The fight to restore net neutrality rules nationwide is still ongoing, but in the meantime we have seen individual states attempt to introduce their own rules that should still somewhat protect the internet in the event the fight is lost. Now it looks like California is the latest to introduce its own rules as the state Senate has voted to approve a bill that would restore net neutrality rules.

The bill would essentially reinstate the rules that were in effect under the FCC’s 2015 Open Internet Order, where it forbids internet service providers from throttling or blocking online content, and where all internet traffic would have to be treated equally. However before you get too excited, note that the bill will still need to clear state Assembly before it can be signed into law, meaning that there are still some hurdles to overcome.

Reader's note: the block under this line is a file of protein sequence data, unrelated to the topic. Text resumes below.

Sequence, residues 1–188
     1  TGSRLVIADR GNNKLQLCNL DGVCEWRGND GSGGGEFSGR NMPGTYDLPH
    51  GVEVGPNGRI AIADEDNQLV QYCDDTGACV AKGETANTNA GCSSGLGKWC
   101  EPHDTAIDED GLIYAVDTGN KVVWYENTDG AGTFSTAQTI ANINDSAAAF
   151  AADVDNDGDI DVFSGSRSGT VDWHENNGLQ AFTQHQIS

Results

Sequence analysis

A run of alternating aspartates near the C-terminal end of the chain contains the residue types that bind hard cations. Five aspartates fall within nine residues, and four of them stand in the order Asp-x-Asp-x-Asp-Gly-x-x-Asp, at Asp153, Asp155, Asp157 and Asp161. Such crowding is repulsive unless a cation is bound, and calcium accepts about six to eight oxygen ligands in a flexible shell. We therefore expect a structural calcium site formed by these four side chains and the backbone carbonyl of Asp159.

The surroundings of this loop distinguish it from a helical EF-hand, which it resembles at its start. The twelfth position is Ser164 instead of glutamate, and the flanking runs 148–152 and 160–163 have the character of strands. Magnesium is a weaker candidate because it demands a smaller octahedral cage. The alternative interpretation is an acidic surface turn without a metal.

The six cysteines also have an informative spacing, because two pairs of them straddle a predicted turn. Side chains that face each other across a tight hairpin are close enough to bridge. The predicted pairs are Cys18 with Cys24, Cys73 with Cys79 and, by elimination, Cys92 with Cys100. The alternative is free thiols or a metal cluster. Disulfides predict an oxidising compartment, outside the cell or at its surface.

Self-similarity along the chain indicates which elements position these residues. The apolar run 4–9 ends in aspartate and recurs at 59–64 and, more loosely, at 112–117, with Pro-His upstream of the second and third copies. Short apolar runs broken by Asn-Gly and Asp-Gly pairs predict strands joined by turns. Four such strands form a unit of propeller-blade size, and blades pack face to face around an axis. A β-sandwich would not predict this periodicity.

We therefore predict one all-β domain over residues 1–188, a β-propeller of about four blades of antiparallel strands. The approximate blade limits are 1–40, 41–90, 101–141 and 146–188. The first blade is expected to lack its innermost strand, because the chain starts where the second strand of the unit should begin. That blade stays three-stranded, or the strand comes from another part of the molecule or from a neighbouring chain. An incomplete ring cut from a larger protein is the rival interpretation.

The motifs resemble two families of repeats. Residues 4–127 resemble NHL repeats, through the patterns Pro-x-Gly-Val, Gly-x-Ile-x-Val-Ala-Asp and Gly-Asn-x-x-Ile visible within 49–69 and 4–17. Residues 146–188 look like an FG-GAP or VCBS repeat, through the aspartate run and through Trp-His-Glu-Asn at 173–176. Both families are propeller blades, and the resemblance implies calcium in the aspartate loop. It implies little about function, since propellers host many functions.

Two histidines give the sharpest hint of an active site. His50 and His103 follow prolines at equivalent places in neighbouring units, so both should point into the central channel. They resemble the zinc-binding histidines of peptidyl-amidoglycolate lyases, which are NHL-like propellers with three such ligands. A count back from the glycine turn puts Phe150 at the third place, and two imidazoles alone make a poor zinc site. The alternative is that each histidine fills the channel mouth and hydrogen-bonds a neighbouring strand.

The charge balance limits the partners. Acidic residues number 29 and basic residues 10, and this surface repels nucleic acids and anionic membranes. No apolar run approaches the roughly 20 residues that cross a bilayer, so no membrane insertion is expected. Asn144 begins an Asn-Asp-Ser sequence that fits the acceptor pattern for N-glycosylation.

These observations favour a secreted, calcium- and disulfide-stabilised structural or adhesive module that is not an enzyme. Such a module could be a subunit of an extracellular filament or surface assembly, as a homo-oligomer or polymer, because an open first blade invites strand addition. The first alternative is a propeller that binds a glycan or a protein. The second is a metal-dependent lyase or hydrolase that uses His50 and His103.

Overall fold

A statement made by the Electronic Frontier Foundation reads, “California’s S.B. 822 is a gold standard for states looking to protect net neutrality. And since the FCC abandoned its role in protecting a free and open Internet, states stepping up is more important than ever. Today, EFF, representatives from groups across California, and other advocates for net neutrality are in Sacramento telling legislators not to bow to the will of large ISPs like AT&T and Comcast. Add your voice to theirs by calling your state senator.”

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